THE DREAM OF AN elixir of eternal youth dies hard. In the past decade or so, millions of middle-aged women have come to believe that pills containing estrogen, the female sex hormone, can help them overcome the adverse effects of menopause. Now they are learning that it isn't necessarily so - and that overuse of estrogen can actually be dangerous. Starting this fall, that message is going to be circulated much more widely, because the Food and Drug Administration has just ordered physicians and pharmacists to hand out a special warning brochure with every prescription for estrogen drugs.

The FDA should be applauded for requiring such brochures, or package inserts, because estrogen can be a very seductive drug. Its manufacturers have fostered, and physicians too often reinforce, the impression that his pill cannot only cure menopausal nervousness and depression, but can also make post-menopausal women feel more energetic and feminine.

However, the FDA's warning states, "there is no evidence that this is so." There is hard scientific evidence that, while estrogen has certain medical benefits, long-term users are five to 10 times more likely to get cancer of the uterus, and may incur other health problems, too.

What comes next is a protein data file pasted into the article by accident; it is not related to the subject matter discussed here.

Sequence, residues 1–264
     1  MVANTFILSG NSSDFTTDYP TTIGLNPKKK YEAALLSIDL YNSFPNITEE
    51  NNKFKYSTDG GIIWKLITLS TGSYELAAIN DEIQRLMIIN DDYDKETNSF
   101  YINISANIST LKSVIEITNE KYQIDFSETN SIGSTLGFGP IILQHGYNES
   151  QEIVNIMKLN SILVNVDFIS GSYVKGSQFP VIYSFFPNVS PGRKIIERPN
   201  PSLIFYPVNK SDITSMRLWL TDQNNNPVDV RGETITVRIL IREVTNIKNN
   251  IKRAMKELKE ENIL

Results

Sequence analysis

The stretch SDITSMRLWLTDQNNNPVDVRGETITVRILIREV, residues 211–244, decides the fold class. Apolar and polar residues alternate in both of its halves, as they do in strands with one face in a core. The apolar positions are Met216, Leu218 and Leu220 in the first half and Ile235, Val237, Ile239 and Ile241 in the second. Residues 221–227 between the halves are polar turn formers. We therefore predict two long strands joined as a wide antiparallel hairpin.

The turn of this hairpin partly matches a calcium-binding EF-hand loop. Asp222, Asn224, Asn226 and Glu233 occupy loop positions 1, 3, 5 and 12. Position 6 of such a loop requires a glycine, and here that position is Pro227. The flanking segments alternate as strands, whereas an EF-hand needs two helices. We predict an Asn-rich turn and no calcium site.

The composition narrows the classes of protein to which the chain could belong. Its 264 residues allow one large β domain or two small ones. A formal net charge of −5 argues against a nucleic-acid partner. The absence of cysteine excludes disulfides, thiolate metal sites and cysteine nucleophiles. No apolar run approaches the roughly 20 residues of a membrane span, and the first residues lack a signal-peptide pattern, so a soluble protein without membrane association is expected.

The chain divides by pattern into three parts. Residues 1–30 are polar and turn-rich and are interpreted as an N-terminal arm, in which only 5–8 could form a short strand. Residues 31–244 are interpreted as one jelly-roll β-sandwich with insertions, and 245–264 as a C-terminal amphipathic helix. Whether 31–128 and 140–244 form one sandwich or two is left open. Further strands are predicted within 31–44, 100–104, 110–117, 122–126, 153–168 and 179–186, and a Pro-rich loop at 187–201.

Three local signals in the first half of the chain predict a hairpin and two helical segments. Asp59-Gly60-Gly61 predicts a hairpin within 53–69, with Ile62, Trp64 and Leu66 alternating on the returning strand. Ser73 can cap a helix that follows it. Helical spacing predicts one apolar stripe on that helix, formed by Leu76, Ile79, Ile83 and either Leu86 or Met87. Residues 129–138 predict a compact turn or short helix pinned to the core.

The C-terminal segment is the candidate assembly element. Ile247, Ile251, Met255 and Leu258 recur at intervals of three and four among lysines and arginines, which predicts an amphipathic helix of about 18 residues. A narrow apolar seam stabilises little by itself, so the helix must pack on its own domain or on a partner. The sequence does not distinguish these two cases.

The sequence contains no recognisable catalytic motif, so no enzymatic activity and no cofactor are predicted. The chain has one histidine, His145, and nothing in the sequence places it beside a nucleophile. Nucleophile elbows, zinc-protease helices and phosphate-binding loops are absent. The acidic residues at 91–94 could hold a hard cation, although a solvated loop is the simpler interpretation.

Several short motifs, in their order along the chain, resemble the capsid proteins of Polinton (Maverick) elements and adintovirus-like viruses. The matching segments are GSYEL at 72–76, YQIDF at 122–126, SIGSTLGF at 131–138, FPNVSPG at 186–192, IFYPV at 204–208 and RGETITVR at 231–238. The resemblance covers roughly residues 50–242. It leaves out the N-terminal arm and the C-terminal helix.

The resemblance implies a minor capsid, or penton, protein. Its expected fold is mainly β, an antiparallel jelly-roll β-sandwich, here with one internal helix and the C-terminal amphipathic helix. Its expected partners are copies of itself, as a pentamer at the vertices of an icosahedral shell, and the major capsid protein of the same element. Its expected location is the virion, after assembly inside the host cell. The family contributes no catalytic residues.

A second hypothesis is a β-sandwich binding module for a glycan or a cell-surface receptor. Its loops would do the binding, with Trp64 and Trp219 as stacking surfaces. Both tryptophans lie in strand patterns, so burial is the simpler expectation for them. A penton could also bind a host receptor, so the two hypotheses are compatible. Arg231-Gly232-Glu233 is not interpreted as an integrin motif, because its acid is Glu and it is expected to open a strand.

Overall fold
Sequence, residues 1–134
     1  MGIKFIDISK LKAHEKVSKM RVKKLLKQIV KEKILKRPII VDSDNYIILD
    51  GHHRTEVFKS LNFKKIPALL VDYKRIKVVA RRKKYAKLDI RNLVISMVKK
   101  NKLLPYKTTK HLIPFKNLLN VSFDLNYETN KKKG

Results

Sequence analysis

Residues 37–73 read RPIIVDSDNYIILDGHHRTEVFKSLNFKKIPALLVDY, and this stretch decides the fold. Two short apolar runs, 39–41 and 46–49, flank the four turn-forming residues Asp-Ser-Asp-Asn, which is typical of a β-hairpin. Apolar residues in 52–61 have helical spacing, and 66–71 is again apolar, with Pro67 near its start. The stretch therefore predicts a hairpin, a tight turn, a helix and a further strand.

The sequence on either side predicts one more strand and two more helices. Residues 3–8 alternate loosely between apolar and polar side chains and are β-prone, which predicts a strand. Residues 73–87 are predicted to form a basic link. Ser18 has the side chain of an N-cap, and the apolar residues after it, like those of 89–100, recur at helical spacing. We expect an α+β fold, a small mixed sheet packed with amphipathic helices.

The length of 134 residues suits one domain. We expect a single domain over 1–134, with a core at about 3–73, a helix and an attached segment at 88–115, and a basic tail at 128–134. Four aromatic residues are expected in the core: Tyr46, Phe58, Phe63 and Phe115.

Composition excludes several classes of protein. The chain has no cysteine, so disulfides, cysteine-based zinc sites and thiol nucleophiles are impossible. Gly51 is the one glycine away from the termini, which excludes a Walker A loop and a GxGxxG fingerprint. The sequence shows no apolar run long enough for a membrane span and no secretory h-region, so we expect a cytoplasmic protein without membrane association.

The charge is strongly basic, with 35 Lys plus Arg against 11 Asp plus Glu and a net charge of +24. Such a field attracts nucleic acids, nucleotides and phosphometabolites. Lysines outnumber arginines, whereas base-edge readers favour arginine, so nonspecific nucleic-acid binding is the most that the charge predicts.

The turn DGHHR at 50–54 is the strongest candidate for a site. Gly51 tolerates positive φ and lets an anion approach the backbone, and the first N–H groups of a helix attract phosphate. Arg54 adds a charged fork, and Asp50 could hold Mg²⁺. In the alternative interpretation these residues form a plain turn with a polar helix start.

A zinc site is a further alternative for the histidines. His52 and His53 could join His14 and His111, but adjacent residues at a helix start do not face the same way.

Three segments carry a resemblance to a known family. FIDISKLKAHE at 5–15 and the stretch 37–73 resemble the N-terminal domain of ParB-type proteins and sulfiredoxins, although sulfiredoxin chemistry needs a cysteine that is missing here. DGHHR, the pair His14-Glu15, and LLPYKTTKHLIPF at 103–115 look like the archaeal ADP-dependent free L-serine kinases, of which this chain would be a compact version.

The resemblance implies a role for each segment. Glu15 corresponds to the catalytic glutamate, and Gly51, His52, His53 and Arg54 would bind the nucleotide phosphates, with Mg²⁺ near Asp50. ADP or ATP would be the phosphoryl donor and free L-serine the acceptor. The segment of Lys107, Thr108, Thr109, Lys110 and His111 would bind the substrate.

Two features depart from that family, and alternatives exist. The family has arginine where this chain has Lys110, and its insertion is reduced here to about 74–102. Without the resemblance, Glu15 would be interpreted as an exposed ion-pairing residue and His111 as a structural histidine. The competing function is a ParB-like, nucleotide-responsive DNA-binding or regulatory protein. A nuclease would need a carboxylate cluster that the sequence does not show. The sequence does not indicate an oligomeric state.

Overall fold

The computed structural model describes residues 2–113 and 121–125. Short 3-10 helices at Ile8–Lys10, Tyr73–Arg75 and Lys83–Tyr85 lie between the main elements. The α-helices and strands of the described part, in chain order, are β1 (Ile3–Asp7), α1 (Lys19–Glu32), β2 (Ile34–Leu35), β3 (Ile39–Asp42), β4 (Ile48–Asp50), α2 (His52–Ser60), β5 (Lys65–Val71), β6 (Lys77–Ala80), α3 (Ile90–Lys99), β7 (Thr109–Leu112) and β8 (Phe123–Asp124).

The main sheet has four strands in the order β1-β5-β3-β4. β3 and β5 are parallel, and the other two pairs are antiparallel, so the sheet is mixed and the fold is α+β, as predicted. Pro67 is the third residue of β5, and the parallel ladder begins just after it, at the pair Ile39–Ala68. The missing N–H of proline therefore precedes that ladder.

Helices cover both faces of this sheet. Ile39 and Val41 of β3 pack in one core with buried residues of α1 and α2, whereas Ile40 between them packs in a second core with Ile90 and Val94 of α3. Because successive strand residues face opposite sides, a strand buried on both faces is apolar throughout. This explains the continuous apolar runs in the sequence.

FDA therefore advises women to take estrogen only when really needed, and then to take the lowest possible dose. Such advice is usually dispensed by physicians, but FDA has rightly concluded that the normal process of doctor-patient communication needs to be supplemented by direct warning to consumers in this case. That is true in part because this particular drug has been so enthusiastically promoted and so liberally prescribed. Moreover, there is a growing awareness of the possible hazards of hormone drugs; the FDA already requires package inserts with oral contraceptives and has proposed similar treatment for progestins. These cases are now regarded as exceptions, but we hope that they will become precedents. Individuals should be offered more facts about the risks and benefits of many drugs and medical procedures, so they can make more informed decisions about their own health.